If you’ve ever tested bad software, downloaded a file you shouldn’t have, mucked about in the Terminal with unpleasant results, or if you manage a bunch of Macs whose users do all that and more, you’ve probably wished you had a magic Undo command that could reverse the damage and restore your hard drive to a pristine state. That’s exactly what Deep Freeze Mac does.
Deep Freeze starts by taking a snapshot of your system in its clean state. After that, you can install software, create and save files, change settings, bookmark Web sites, and do pretty much anything you normally do. When you restart the Mac, Deep Freeze will discard all those changes and return the system to its original, clean condition. The effect is similar to Microsoft Virtual PC’s Undo Drives mode, but for your entire Mac.
When Deep Freeze is installed on a Mac, an icon in the menu bar and above the Hard Drive icon tells you whether the drive is “frozen” or “thawed.” (“Frozen” means the configuration will return to its pristine state the next time it boots; “thawed” means that any changes users make will stick around, even after a reboot.) If you need to change a configuration or install software on the Mac, you can use the Menu Bar icon to switch between frozen and thawed. You can’t thaw a drive without supplying a password; you can also hide the Deep Freeze icons if you wish. If you need to keep files you’ve downloaded, you can save them to a thawed drive partition, or to a CD, DVD, external hard drive, or a USB flash memory drive. Unfortunately, you can’t freeze a FireWire or USB hard drive.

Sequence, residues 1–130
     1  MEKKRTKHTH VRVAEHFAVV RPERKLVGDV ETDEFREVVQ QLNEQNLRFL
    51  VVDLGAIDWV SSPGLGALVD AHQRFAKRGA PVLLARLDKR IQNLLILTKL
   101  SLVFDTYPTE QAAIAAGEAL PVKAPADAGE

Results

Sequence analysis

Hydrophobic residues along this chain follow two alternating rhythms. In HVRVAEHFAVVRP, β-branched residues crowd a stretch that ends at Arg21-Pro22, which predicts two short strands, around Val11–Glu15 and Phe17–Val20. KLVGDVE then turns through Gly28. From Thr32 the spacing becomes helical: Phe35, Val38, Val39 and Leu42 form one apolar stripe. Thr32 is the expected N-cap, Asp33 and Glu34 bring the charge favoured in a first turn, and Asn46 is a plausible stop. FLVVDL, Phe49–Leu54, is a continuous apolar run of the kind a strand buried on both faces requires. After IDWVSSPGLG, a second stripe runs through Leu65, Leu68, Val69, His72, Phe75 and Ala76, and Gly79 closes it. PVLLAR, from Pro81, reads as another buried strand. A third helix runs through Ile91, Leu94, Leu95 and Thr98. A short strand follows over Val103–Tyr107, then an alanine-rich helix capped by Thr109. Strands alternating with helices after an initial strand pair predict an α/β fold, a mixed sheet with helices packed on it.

For network managers, Deep Freeze uses the file formats of Apple Remote Desktop. The Deep Freeze Assistant will install nine tasks in Apple Remote Desktop, which you can use to install Deep Freeze on groups of Macs as well as to freeze and thaw Macs over a network. The Deep Freeze Assistant can also create customized Deep Freeze installation packages complete with passwords.
Deep Freeze Mac 2.03 is a straightforward, easy-to-use utility that does what it claims to do: automatically reset a Mac to pristine condition after a restart. It can save system administrators hours of cleaning up and troubleshooting public Macs, but it’s also a great way for individual users to safely try out new software or download files without worrying about how to undo the damage if things go wrong.